Presentation by John Hattie: Maximising the dividend of professional learning

This presentation by John Hattie with a focus on professional development and the “Australian Charter for the Professional Learning of Teachers and School Leaders” was part of a one-day conference “Promoting a National Professional Learning System: a call to action” organized by AITSL which took place on 28 October, 2011 in Melbourne, Australia. The draft transcript of the presentation which was used and edited for this article (formatting, headings, hyperlinks, minor corrections) can be downloaded as an RTF text document from AITSL’s website. The video of John Hattie — and the other speakers — was published on AITSL’s Youtube channel. Enjoy the video above and read the edited transcript for further information about the cited studies, authors and organizations.

John Hattie: “I’ve got, it must be the day of fours, I’ve got four aspects that I want to talk about too in terms of the notion of professional learning, about the Charter (PDF), about how I read some of the research in professional learning relating to it, and I obviously want to put a challenge to AITSL and this group.

“Standards without an understanding of their impact and their assessment have zero effect” (John Hattie)

Let me start.  When I first saw the Charter, the standards, it was kind of like ‘here we go again’.  I went to Google last night and googled charters for professional … , I see the most modern part of this is we’ve changed the title from professional development to professional learning, hundreds of them.  And I want to relate back to a couple of experiences in my career.

Australian Charter for the Professional Learning of Teachers and School Leaders (AITLS 2012)

Australian Charter for the Professional Learning of Teachers and School Leaders (AITLS 2012)

When I first went to work at North Carolina, I had the job with the National Board for Professional Teaching Standards and the first job they gave me was to get together all the professional standards there were for teachers right around America, across the States, within jurisdictions. I literally ended up with a room of boxes. My job was to review them, the bottom line is simple: they had absolutely zero effect.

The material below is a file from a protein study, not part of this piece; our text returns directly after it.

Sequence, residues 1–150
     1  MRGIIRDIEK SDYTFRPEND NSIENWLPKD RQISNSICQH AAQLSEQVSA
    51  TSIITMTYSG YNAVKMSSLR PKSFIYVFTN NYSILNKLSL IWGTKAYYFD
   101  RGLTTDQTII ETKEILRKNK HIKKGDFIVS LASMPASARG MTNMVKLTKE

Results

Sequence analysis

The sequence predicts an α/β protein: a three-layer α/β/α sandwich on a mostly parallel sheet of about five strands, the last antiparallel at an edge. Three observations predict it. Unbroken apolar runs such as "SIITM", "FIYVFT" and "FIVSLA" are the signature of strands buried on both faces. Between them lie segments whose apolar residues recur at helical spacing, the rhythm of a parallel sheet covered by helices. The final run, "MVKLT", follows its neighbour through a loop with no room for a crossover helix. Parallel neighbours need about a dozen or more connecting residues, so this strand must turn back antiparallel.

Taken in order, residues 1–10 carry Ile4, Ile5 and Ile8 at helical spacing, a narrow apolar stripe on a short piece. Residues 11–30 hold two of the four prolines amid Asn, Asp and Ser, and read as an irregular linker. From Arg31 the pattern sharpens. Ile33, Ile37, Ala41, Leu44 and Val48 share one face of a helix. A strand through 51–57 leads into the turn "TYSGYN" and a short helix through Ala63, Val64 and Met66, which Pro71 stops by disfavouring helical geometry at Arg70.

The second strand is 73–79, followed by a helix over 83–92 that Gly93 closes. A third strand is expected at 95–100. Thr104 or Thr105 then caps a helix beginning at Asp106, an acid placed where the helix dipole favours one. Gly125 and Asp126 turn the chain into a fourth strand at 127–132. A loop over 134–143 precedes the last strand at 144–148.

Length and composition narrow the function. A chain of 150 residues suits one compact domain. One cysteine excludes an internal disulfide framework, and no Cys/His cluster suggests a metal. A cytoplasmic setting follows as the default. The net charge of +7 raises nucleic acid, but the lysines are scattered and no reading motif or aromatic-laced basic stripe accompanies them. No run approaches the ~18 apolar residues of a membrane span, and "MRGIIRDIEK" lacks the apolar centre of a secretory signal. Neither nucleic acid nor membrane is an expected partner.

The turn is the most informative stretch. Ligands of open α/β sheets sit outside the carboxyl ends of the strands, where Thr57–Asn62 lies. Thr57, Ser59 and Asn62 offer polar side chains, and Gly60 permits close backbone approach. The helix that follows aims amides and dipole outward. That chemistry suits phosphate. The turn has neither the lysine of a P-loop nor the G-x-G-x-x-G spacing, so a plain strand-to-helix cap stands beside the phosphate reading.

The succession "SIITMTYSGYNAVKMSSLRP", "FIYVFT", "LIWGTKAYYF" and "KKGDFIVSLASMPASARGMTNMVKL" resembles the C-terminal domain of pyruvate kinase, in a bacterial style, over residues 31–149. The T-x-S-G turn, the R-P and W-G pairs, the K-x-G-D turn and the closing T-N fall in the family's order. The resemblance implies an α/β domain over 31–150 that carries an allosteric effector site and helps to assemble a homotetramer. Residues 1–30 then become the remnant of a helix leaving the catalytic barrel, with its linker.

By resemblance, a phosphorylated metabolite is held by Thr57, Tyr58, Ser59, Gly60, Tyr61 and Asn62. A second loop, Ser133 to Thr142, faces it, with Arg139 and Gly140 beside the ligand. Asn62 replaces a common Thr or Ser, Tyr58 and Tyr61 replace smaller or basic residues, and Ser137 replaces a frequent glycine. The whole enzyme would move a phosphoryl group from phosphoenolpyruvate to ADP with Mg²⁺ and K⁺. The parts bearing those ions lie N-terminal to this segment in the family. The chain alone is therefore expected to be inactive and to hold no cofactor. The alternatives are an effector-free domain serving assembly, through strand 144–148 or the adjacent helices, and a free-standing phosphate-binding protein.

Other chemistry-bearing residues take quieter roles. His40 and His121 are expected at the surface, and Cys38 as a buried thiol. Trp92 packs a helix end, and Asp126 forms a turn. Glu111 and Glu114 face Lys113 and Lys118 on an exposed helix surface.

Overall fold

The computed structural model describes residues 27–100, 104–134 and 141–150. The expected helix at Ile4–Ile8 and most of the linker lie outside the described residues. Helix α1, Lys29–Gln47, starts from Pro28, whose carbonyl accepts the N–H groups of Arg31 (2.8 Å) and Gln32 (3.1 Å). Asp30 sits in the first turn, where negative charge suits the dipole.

Another job I had as the psychometric adviser to NCATE, National Council for the Accreditation of Teacher Education, and they have quite a few thousand education institutions they accredit, and at the time in the late 90’s they were very nervous because many of the teachers that had passed those standards were failing in the schools.

And so, what I learned from that experience was, and my major message about this document here [the Charter (PDF)], is standards without an understanding of their impact and their assessment and their evaluation are, quite frankly, only worth the paper they’re written on. And so my major challenge to AITSL moving forward is how do you now come up with evidence about the success of the implementation of these standards.

“We love to study failure. There is an incredible amount of success.”

One of my worries in academia and in the business of education, is we love to study failure.  There is an incredible amount of success out there in our systems and I would hope that we have an opportunity with these standards to look at where success is, articulate success, welcome it, embrace it and demand it of the system.

We know a tremendous amount about professional learning.  In fact it seems strange to me at times that some of our adults in the professional learning seem to think ‘not for them’.  That is the very thing we ask kids to do, to come to an institution that is deliberately set out with a focus on learning, with a curriculum, with an assessment, with a whole set of understandings about pedagogy, and participate in that and because of that they’re going to be better citizens when they leave us around 15, 16, 17.

So it seems a mystery at times that we then seem to think that it doesn’t apply to us.  What applies to us is osmosis – we will learn, just leave us alone. This is the business we’re in.  And so I have no difficulties with trying to get a better understanding about the learning of the adults in our education system in the same way that we’ve spent aeons looking at the education of the students.  It shouldn’t be difficult, we almost shouldn’t have a document like this, even as I understand why we do.